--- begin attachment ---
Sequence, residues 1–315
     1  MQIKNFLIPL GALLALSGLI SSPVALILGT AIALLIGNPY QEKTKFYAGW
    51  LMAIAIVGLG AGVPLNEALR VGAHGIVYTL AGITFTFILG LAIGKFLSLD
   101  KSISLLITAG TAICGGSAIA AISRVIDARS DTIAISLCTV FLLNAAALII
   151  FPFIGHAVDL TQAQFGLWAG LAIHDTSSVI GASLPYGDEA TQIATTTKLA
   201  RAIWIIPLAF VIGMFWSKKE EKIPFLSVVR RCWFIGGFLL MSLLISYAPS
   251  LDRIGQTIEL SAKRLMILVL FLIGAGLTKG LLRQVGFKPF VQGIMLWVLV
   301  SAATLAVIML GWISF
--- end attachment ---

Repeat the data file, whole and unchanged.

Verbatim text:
Sequence, residues 1–315
     1  MQIKNFLIPL GALLALSGLI SSPVALILGT AIALLIGNPY QEKTKFYAGW
    51  LMAIAIVGLG AGVPLNEALR VGAHGIVYTL AGITFTFILG LAIGKFLSLD
   101  KSISLLITAG TAICGGSAIA AISRVIDARS DTIAISLCTV FLLNAAALII
   151  FPFIGHAVDL TQAQFGLWAG LAIHDTSSVI GASLPYGDEA TQIATTTKLA
   201  RAIWIIPLAF VIGMFWSKKE EKIPFLSVVR RCWFIGGFLL MSLLISYAPS
   251  LDRIGQTIEL SAKRLMILVL FLIGAGLTKG LLRQVGFKPF VQGIMLWVLV
   301  SAATLAVIML GWISF